Loose Tea – Better Than Tea Bags Or Not?


Loose tea refers to tea leaves that are sold in bulk, in contrast to tea bags (or teabags), which are ready-to-steep containers of tea, usually packaged in paper or cloth and sold in boxes. These terms are used both to refer to true tea (from the Camellia sinensis plant) as well as herbal teas from other plants.

Advantages of Tea Bags:

There is only one advantage of tea bags: convenience. People often prefer tea bags when traveling or when in an office environment where the process of using a tea strainer or tea infuser is too complex or involved. Most people use tea bags because they have little or no experience brewing loose tea, or because they do not have the right equipment to brew it. Also, tea bags tend to be more widely available in supermarkets and restaurants, whereas loose tea can be harder to find and in some areas must be purchased online or through mail-order.

Advantages of Loose Leaf Tea:

  • Affordability / cost – When you buy tea bags, a greater portion of your money goes towards the packaging process. Buying loose tea of similar quality can be considerably less expensive.
  • Quality – Many of the best teas are only available in loose leaf form. Also, when compared to tea bags, loose tea of a similar price tends to be much higher in quality, because in the case of bagged teas you are paying for the packaging process rather than paying for the elements of the production process (growing, processing of leaves) that lead to superior flavor.
  • Sustainability – the process of packaging tea into bags uses unnecessary energy and materials. Buying loose tea is a better decision in terms of environmental impact.
  • Human rights and economic justice – packaging usually happens farther from the growers (often in a different country) and, in most cases, none of the additional money spent on the packing process actually reaches the growers.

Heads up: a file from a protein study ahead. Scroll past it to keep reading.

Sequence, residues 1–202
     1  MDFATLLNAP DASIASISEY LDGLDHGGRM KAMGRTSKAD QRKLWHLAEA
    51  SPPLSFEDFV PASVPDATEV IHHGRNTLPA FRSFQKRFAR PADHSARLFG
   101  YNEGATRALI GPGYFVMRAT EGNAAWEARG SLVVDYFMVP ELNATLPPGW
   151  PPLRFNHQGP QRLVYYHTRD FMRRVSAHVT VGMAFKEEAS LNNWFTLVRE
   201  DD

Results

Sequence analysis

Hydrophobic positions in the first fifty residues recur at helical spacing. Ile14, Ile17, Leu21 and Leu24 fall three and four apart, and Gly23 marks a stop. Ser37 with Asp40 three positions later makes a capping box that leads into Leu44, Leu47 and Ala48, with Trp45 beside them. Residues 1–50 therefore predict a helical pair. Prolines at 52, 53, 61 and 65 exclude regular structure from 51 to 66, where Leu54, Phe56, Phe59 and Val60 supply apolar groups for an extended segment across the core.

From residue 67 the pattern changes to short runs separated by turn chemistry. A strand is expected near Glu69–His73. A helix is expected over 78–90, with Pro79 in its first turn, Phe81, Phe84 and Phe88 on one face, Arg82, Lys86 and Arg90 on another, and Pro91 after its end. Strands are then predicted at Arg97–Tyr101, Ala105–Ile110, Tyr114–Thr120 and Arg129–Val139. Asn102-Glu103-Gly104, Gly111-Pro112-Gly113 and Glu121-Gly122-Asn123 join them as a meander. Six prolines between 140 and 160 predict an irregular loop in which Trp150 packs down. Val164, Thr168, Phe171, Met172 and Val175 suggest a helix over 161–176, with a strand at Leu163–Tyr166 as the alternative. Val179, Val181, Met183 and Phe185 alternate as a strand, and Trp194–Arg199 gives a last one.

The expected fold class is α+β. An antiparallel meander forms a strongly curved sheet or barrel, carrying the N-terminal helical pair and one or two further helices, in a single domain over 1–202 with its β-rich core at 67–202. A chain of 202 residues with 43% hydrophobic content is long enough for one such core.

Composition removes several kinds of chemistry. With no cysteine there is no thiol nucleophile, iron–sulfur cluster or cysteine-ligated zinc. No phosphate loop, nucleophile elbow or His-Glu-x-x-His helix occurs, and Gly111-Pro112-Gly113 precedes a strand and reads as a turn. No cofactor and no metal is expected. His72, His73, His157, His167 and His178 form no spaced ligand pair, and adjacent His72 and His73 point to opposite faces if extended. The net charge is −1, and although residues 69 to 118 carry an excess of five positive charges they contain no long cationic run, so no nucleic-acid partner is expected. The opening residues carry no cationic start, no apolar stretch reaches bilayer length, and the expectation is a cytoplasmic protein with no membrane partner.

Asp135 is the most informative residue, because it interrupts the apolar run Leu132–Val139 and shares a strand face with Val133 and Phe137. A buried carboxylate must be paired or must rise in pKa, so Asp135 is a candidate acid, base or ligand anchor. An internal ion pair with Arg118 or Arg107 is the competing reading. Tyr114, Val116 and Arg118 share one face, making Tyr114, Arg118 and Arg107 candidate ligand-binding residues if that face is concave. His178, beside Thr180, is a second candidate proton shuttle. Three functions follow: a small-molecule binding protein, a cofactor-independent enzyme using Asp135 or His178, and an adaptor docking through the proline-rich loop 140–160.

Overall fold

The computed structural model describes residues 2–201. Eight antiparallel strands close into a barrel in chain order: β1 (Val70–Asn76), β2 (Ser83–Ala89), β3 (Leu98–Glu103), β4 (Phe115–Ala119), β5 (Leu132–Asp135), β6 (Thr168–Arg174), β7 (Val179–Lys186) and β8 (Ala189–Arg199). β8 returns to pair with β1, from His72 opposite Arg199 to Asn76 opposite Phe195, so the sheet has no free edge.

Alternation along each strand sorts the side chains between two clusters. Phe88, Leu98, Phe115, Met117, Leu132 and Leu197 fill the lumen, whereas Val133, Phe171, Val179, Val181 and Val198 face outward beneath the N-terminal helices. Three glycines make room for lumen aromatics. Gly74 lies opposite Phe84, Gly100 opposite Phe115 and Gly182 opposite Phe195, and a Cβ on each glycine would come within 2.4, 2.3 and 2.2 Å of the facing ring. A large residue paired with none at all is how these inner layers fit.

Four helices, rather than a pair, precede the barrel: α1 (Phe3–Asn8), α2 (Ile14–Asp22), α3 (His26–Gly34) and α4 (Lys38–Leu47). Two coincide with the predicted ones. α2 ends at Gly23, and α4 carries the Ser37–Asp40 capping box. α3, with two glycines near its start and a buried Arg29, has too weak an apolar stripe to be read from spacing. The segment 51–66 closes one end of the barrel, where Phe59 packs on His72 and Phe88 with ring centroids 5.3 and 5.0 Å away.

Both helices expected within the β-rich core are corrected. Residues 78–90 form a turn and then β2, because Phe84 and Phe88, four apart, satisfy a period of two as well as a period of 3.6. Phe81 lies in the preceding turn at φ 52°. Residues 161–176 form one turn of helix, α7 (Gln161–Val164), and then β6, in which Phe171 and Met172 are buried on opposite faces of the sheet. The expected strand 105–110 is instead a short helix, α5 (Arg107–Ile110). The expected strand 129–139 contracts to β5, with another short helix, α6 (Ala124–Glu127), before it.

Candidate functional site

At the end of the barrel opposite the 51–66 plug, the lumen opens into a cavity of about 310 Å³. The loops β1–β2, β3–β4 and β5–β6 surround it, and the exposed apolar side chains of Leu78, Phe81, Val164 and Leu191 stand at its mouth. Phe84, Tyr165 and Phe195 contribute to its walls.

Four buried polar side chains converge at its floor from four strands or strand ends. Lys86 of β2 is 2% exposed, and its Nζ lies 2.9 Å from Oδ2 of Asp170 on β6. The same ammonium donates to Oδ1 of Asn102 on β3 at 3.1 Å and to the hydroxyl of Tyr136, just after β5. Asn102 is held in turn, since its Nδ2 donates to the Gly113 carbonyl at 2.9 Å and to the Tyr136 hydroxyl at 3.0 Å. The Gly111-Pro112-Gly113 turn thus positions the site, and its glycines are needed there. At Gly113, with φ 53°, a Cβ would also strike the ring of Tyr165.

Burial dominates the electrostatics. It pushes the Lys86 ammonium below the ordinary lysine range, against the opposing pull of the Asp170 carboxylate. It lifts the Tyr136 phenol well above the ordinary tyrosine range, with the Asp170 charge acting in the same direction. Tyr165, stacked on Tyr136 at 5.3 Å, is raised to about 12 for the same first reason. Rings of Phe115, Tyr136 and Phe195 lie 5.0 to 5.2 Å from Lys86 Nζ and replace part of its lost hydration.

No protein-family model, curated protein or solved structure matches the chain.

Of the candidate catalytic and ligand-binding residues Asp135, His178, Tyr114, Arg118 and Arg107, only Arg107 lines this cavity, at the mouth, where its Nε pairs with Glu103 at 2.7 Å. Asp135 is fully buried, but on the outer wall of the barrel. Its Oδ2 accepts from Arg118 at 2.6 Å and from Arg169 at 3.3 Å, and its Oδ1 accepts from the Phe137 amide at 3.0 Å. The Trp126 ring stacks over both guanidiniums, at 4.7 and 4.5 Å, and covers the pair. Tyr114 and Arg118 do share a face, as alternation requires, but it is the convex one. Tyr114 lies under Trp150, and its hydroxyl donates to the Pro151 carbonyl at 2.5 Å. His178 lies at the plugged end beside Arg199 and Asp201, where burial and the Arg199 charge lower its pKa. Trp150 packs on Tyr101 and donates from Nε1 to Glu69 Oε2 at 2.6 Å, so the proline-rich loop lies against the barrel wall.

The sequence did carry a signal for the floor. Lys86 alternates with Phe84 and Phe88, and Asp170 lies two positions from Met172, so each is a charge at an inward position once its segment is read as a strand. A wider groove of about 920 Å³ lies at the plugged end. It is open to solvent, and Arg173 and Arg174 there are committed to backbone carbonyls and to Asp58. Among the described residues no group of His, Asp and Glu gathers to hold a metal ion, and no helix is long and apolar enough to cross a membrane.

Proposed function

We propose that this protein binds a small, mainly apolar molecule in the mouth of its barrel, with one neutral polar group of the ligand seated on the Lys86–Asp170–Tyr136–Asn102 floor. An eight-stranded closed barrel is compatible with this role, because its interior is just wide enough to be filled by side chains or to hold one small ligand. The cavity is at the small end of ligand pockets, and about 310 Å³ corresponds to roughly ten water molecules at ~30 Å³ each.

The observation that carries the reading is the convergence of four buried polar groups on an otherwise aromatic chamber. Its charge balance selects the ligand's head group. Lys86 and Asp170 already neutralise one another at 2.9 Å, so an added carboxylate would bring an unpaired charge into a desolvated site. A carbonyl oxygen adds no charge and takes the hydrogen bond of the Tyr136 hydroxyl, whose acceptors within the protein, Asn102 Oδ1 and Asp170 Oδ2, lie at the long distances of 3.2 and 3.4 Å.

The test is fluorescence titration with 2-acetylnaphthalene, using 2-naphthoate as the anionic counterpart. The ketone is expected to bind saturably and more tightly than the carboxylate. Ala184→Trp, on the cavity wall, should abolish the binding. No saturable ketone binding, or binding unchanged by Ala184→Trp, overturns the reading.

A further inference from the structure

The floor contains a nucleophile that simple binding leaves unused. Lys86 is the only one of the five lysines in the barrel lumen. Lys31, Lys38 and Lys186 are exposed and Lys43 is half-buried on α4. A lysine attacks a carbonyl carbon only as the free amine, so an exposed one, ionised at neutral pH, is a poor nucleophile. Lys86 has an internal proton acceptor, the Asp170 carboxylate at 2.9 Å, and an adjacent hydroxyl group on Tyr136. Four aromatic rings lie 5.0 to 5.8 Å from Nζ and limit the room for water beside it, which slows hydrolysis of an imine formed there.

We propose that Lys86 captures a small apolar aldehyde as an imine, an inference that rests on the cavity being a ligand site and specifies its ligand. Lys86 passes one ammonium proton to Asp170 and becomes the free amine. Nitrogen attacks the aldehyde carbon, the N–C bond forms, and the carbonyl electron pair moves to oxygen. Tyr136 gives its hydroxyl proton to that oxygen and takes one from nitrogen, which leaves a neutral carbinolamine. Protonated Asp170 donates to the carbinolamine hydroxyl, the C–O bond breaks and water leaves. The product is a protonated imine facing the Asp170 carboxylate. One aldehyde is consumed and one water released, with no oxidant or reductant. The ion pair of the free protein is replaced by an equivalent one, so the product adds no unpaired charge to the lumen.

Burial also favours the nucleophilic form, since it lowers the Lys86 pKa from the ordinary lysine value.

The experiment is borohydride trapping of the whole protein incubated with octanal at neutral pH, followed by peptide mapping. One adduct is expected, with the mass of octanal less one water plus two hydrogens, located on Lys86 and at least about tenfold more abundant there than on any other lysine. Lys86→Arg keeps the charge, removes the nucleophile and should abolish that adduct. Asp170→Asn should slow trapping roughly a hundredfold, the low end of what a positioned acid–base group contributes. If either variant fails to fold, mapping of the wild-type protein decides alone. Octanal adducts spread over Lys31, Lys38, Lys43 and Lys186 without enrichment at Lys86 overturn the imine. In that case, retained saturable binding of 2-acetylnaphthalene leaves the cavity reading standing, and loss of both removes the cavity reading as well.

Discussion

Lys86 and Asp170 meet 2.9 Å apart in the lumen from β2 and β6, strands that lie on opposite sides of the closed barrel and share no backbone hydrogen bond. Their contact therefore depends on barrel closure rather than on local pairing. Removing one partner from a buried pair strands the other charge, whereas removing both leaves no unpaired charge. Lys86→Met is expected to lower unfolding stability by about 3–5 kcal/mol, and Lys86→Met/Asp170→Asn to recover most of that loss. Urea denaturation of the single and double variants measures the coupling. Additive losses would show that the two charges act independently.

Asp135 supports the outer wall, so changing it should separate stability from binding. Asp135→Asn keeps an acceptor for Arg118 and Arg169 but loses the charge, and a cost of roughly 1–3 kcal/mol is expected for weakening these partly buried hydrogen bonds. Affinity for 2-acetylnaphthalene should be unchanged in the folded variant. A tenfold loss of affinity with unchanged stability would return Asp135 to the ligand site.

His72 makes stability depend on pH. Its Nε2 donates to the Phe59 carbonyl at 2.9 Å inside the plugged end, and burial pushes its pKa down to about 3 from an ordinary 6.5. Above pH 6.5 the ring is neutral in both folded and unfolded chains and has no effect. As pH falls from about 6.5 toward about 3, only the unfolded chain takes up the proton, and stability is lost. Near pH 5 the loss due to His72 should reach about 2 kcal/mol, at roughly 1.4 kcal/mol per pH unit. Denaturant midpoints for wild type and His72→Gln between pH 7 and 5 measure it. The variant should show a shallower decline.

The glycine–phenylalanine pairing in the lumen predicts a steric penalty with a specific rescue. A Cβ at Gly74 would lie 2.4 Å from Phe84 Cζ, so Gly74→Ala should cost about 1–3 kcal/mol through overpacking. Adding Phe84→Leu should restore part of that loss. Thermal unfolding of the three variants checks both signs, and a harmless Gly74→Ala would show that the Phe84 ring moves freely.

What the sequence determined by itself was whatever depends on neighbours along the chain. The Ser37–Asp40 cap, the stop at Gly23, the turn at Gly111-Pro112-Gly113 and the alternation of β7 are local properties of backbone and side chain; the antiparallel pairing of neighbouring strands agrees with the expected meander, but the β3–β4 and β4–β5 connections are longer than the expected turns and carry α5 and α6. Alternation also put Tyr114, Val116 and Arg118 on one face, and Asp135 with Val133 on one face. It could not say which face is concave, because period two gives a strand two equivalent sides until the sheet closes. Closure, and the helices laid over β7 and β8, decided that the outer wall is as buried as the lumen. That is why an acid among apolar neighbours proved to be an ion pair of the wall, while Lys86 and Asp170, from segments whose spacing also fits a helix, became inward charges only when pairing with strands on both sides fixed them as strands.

• Greater control over brewing strength – With tea bags, the amount of leaf is essentially fixed: you can choose to use one, two, or more bags, and you can vary the amount of water to some degree. However, loose tea gives greater control because you can measure out any quantity of leaf, depending on the exact level of strength you want.
  • Easier to compost – loose tea is easy to compost; the used leaf can be applied directly to your compost as mulch. Biodegradable tea bags, on the other hand, take longer to decompose, and many brands use materials such as nylon or plastics for heat-sealing that are not biodegradable.

Making the Transition to Loose Tea:

Except with large-leaf, whole-leaf teas that can be easily taken out of a cup, brewing loose leaf tea usually requires some sort of strainer, infuser, or filter. One of the best options is to brew loose-leaf tea in a teapot and pour through a strainer before serving–specific strainers are sold for this purpose, that can sit easily inside a cup or mug. Some teapots have built-in filters, either as part of the pot, or that sit inside the pot to hold the leaves, and can be removed to prevent oversteeping.

Another convenient option is a permanent stainless steel basket infuser that sits inside a mug or teapot. Tea balls are another common option, although care must be taken to see that they are large enough to give the loose leaf enough room to expand. Disposable paper tea filters can also be used. Because they are not reusable, they are a less responsible environmental choice, although their impact can be minimized by composting the paper filters after use.

These and other accessories are available from most online retailers that sell tea.